With such diverse functions, lighting a home is a complicated process, and while most homeowners tackle the job themselves, there is much to be gained from professional help. Before adding on to their 240-year old post-and-beam house in Upper Canard, NS, Debra and Ken Morrison had never worked with a lighting contractor. The search for light fixtures prompted a visit to Atlantic Lighting Studio in Wolfville, NS, and a consultation with store owner Chris MacQuarrie.
Before MacQuarrie gives any advice about lighting, she asks about room sizes and ceiling heights to determine the appropriate size and height of fixtures. She asks about the colours on walls and floors because darker shades of paint and wood finishes absorb more light. As well, she asks about the tasks performed in each room, and even the ages of those performing those tasks. "Older people tend to require more light," MacQuarrie says. All of this information helps her determine how much light is required and where it is best positioned.
According to MacQuarrie, a good lighting plan includes four different layers: the ambient or general lighting that replaces natural daylight and lets you see around the room; task lighting to illuminate such activities as reading, sewing, cooking and walking; accent lighting to highlight architectural details and prized possessions like collectibles and artwork; and decorative lighting, in which the room's light fixtures are part of the decor.
Fortunately, sometimes "one fixture can do it all," says MacQuarrie. In the Morrison kitchen, track lights provide ambient, task and accent lighting.
The term "track lighting" describes either spotlight or floodlight heads that attach to a track. Track heads can provide directional lighting or they can flood an area of the wall or floor. Look for flexible heads that swivel or rotate to allow a more precise aim. Go for a decorative effect by mounting a black track on a white ceiling or make the track disappear by matching the colour of the track with the colour of your ceiling.
The Morrisons chose a black track with black bell-shaped heads for their kitchen. One length of track is concealed behind a beam. Another is mounted on the wall behind the sink to complement the nine-light, black, wrought iron chandelier above the island.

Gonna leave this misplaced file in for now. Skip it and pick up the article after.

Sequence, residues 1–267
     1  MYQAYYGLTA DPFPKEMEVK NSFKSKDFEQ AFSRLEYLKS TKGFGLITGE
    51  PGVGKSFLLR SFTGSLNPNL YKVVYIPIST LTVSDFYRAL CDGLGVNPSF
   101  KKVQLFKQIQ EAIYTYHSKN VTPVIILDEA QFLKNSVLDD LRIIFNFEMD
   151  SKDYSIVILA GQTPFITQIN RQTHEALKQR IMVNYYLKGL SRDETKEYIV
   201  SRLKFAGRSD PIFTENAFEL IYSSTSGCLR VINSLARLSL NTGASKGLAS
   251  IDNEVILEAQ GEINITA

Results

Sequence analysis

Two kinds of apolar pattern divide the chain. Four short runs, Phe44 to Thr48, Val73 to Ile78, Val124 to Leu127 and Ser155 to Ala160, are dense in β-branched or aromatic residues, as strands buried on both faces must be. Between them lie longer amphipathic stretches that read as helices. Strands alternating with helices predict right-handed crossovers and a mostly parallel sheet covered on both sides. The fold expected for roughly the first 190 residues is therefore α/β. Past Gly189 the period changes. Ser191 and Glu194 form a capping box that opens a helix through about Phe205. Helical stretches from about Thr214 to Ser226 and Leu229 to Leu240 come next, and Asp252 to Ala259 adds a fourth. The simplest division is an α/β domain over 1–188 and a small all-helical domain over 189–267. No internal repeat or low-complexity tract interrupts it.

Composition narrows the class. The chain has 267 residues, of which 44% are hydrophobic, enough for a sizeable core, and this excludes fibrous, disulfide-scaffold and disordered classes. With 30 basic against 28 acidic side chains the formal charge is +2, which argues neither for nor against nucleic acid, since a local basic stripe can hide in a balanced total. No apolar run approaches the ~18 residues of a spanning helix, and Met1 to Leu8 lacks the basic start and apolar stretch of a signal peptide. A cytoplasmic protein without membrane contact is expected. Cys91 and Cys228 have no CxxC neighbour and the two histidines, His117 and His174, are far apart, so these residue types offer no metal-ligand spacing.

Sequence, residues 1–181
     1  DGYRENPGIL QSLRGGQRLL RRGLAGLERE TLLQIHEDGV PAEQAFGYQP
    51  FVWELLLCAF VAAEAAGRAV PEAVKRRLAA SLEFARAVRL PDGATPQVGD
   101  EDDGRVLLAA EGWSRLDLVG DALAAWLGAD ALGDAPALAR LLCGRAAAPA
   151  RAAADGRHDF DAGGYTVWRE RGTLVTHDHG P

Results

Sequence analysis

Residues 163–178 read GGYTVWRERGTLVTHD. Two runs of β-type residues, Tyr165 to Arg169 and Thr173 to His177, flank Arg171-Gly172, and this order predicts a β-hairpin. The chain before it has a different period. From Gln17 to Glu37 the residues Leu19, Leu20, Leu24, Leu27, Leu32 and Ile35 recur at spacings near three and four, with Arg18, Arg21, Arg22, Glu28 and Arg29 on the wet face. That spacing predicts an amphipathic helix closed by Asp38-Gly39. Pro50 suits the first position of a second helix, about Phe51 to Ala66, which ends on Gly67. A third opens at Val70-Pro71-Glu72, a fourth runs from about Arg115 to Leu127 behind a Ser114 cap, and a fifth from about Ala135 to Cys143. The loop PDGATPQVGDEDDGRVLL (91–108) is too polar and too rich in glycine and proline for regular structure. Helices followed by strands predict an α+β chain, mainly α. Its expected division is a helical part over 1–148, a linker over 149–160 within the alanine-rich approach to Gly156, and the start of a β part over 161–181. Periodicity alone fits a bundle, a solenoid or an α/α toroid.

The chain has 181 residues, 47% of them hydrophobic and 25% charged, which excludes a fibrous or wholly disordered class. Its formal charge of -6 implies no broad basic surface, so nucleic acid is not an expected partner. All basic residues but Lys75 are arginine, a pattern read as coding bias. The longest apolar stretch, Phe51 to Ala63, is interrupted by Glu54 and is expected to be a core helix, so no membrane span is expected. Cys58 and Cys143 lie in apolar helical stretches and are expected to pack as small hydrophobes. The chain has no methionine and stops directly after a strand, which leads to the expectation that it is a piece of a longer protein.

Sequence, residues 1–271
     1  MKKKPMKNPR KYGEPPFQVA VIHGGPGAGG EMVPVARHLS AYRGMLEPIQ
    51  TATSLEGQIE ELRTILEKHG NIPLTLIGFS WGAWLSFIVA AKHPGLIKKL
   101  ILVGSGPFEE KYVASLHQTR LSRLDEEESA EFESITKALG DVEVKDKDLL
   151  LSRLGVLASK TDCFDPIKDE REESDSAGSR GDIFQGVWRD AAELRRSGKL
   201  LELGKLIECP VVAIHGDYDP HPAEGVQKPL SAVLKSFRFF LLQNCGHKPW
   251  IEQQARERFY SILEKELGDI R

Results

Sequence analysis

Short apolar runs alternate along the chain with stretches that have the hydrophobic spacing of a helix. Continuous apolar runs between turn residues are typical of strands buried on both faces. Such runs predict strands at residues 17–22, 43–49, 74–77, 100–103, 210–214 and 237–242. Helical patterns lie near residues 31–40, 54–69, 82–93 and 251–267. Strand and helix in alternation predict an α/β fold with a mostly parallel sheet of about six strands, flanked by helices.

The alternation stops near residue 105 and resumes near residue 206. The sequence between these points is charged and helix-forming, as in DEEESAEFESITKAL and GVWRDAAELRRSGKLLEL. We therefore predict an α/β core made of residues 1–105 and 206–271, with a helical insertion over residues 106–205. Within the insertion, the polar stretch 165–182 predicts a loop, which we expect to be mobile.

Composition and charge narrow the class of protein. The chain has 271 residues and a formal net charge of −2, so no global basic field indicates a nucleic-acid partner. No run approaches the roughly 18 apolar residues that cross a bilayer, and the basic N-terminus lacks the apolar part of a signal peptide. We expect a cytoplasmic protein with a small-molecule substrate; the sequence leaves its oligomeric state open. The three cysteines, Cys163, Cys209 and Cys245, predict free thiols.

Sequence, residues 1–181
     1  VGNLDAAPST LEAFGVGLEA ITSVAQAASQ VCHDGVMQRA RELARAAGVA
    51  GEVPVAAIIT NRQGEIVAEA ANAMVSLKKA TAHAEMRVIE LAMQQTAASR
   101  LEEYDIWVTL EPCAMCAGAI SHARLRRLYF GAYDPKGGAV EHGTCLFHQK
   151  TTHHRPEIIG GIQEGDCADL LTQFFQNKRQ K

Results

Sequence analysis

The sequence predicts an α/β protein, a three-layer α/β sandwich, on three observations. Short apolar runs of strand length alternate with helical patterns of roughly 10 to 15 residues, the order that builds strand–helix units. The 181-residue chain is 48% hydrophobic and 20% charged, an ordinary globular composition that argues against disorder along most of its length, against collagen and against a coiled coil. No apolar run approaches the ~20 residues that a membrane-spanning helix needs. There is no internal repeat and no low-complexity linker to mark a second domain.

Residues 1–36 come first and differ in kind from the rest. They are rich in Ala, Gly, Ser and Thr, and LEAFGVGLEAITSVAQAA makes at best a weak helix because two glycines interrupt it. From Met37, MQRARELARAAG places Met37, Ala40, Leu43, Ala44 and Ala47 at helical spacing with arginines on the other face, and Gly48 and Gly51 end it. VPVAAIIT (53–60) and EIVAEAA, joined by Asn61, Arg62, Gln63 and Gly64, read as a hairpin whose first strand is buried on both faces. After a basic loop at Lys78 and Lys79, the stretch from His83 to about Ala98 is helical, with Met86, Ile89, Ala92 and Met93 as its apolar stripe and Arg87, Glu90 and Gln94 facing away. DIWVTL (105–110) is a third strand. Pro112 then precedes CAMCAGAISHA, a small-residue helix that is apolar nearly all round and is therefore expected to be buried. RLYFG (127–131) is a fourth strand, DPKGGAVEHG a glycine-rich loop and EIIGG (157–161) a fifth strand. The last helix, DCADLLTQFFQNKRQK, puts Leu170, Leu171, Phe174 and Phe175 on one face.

Chandeliers belong to a lighting group classified as pendants. These lights hang suspended from the ceiling, providing illumination for dining tables, night tables, counters and work areas. Styles range from traditional to contemporary, mixing materials like colourful glass, wrought iron and stainless steel.
For multiple layers of lighting, consider recessed fixtures like pot lights, especially the ones that swivel. "Recessed lighting is ideal for task and accent lighting," says MacQuarrie. She positioned the pot lights in the Morrison's great room by working with a room plan that showed where specific pieces of furniture would sit. As a result, some of the lights are strategically located to provide task light for reading; others are positioned to accent the family's artwork.
However, MacQuarrie cautions against positioning recessed lights directly over seating areas. Not only is it uncomfortable to sit directly under a recessed light, but they can cast an unflattering light on the people sitting under them.
Adding dimmer switches to existing fixtures is a quick and inexpensive way to create more flattering layers of light. MacQuarrie recommends dimmers for any area where her clients need one level of light for tasks and another for ambiance. Her only reservation is that a dimmable compact fluorescent light creates a low hum when dimmed. "Some people don't notice but others do," she says.
Whether you are building, renovating or simply redecorating, lighting allows you to influence the way a room is perceived. There are lights to make a room look larger, and lights to make the same room look smaller. And, at the end of the day, there are lights to prevent you from tripping over the dog.